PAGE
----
Birmingham’s Balti Triangle spans the triangele between Stratford Road, Alcester Road and Wake Green Road, including the popular Ladypool Road and Stoney Lane. But unlike the Bermuda Triangle, we could happily disappear here. It received it’s legendary status due to the huge number of restaurants in the area serving up curries using the uniquely Birmingham, balti technique.
For anyone visiting, it’s the ideal spot for some South Asian food, and plays an important part in Birmingham’s history. The balti, named after the vessel in which this Brummie curry was first cooked, was invented in Birmingham back in the mid-70s. Unlike other curries, balti curries are cooked quickly over a high heat, like a stir-fry. And are also usually served with large, family-sized naan breads.
Adil’s on Stoney Lane, which sadly closed after 43 years in the Balti Triangle last year, is often credited with the dishes invention. The chef, Mohammed Arif, used a wok-like pan (otherwise known as a balti bowl) to create the new dish, after seeing the cooking style in Pakistan.
Back in the nineties, the Balti Triangle was booming — boasting over 40 balti houses. However, today only a few remain. Shabab’s is probably the biggest, arguably the best, still going. Other spots still going strong include Shahi Nan and Popular Balti. But the Balti Triangle’s legacy still lives on in Indian takeaways up-and-down the country, as well as on supermarket shelves.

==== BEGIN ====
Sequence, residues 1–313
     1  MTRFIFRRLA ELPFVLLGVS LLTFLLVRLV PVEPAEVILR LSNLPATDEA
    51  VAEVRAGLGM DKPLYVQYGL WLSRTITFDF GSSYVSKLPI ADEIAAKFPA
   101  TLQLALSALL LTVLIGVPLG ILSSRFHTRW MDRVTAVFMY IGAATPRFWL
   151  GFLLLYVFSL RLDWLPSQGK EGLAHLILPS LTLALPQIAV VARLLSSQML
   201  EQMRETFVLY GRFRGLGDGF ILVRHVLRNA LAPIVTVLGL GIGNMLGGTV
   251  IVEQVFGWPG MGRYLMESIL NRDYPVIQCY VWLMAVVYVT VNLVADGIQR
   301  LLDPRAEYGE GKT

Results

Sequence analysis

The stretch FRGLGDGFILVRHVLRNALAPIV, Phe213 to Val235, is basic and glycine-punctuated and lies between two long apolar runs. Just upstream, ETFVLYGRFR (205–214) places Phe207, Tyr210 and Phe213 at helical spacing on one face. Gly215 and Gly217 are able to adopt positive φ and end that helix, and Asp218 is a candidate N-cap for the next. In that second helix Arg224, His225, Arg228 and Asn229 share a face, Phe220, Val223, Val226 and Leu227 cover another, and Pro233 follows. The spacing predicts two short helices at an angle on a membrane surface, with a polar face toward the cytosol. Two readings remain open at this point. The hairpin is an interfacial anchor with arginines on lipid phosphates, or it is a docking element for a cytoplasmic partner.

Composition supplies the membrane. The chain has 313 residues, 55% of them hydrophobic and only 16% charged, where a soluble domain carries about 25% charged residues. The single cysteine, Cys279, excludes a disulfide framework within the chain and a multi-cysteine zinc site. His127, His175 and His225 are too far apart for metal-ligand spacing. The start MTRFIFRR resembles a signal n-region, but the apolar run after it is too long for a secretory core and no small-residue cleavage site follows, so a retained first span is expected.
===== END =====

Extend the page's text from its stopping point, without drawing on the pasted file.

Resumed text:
Birmingham has always had a significant population of people from South Asia, or those who have roots there. This large community has helped put it among the most halal-friendly cities in the UK. But the balti is reflective of the westernisation of South Asian cuisine. But in Birmingham you’ll find both authentic curries with a home-cooked feel, and also delicious Brummie baltis.
From Michelin-starred, fine dining like Opheem to award-winning but far less formal curry houses like Lasan. South Asian cuisine has conquered nearly all of Birmingham. And as foodies flock to Birmingham for a delicious curry, the influence of South Asian cooking will only continue to be a part of Birmingham’s flourishing culinary identity.
Plus, when you’re done stuffing yourself with pakoras and perfect pilau, head to one of Birmingham’s South Asian sweet shops to pick up something sugary. If you have never eaten Indian sweets before then you are in for an absolute treat. Try Milan Sweet Centre, also situated in the Balti Triangle!